August 27, 2010
Posted: 03:37 PM ET
Editor's Note: Be sure to watch Harry Connick Jr. on LKL tonight from Musicians Village in New Orleans. Also, check out the Marsallis Family's new album, "Music Redeems." It benefits the Ellis Marsallis Center for Music.
By Branford Marsalis
Five years after Hurricane Katrina struck and decimated my hometown, I am certainly buoyed by the rebuilding successes of a city reinforced with an invincible spirit, and proud of the strides we have made through our partnership with New Orleans Habitat and through the contributions of individuals from around the world. I am fiercely disappointed, though, by the inconsistency of the attention paid to this disaster between these anniversaries and the lack of a sustained, long-term approach to the rebuilding our city.
New Orleans remains in crisis.
Even as the New Orleans Jazz and Heritage Festival continues to present that unique musical experience that is so quintessential; even as scientists and engineers have stopped the spillage and contained further devastation of the oil; even as citizens, friends and neighbors have rallied together to build and rebuild, we still suffer and there is still much to be done. Ours is not the world of merely a year or two, but that of decades if we are to restore her to her former glory, we must embrace a long-term commitment.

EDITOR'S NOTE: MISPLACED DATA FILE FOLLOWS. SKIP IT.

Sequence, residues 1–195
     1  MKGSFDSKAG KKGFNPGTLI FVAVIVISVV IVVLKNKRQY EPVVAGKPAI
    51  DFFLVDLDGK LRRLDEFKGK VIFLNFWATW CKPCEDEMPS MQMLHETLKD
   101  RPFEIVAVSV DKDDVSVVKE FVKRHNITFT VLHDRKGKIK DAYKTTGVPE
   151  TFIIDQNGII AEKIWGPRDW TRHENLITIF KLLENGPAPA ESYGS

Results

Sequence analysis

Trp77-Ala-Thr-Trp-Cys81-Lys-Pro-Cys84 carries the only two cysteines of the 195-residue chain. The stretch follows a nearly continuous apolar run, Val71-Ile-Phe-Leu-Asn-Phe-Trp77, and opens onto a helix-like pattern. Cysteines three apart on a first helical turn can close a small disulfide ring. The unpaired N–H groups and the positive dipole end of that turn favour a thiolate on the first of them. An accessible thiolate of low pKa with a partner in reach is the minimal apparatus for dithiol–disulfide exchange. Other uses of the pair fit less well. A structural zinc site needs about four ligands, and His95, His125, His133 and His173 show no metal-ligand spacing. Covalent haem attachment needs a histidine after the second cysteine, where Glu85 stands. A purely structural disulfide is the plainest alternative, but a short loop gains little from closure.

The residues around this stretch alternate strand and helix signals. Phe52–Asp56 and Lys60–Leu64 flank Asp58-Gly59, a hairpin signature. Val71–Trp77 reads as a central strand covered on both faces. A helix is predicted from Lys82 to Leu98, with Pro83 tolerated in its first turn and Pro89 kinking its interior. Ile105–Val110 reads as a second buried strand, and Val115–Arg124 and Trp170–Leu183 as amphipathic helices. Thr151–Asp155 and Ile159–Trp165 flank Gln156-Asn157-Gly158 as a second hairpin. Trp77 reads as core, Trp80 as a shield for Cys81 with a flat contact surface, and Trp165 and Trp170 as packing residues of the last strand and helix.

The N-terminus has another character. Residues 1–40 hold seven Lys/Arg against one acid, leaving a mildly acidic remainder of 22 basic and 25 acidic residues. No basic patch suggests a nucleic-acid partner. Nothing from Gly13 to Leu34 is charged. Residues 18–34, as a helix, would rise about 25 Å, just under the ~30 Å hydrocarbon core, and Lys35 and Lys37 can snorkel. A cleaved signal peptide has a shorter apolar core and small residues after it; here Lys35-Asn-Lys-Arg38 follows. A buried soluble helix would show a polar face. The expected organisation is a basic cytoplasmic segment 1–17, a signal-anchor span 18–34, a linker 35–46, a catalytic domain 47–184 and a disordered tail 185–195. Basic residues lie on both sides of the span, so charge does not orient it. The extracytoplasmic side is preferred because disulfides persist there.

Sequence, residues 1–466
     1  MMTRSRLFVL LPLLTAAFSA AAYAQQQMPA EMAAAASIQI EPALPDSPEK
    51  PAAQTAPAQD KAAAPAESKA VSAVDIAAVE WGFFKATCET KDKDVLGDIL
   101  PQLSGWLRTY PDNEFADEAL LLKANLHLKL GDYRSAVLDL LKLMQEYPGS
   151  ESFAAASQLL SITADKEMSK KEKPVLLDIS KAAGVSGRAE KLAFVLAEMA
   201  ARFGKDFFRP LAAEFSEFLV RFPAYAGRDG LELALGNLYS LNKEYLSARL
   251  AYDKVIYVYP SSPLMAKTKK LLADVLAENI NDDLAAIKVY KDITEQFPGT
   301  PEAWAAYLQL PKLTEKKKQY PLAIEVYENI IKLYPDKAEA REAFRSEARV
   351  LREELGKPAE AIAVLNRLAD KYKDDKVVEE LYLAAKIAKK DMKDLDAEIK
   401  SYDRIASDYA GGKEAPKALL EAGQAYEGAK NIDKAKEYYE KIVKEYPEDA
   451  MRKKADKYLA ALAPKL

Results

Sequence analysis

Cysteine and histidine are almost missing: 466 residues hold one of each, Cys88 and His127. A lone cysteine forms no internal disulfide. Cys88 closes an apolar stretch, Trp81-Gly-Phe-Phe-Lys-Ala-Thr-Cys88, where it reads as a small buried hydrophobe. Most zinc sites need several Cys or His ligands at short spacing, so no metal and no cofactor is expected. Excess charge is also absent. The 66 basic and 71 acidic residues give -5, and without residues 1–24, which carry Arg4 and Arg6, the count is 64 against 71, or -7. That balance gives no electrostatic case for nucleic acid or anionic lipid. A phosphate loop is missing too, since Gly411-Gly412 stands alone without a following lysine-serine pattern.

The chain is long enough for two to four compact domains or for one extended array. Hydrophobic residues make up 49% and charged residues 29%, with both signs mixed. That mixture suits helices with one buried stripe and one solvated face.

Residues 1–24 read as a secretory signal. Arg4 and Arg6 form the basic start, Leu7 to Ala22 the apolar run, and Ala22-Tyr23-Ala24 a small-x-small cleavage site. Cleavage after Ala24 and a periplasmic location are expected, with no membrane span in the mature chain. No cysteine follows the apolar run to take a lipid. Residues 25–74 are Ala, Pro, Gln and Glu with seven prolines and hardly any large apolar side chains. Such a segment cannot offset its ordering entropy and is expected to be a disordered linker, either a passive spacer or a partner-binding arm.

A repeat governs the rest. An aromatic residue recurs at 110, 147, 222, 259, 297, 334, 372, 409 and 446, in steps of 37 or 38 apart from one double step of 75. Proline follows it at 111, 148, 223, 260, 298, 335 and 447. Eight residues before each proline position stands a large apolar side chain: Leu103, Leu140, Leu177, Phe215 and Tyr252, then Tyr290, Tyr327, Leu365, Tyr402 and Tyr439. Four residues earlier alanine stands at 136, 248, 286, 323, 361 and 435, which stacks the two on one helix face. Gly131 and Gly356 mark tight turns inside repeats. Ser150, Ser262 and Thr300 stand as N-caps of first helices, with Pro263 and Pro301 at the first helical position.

Filed under: LKL Web Exclusive
August 26, 2010
Posted: 10:25 PM ET
Harry Connick Jr. is Larry's guest Friday night for a special show
Posted: 10:58 AM ET
August 25, 2010
Posted: 03:55 PM ET
This weekend is the fifth anniversary of the devastation that Katrina wrought in New Orleans. As a member of the Creole community, I feel a deep connection to New Orleans and the Gulf region, and want to send out my prayers to those who are still working to rebuild there. The destruction that Katrina caused really struck home for me–so many brothers and sisters lost, and so many lives shattered.
I see a corollary to the vast destruction of the earthquake that Port-au-Prince suffered just seven months ago: Like the people of the Gulf Coast, my countrymen in Haiti have been forced to witness more despair than anyone should have to bear. And in New Orleans, as it is in Haiti, so much of the loss was suffered by those who had little to begin with.
New Orleans is still in the process of reviving its communities, and this fifth anniversary has been planned to focus on people coming together to rebuild where it’s still needed. I’m so inspired by the scores of people–and companies–who have stepped in, and are still stepping in, to show their support for those who continue to struggle to get their lives back to “normal.”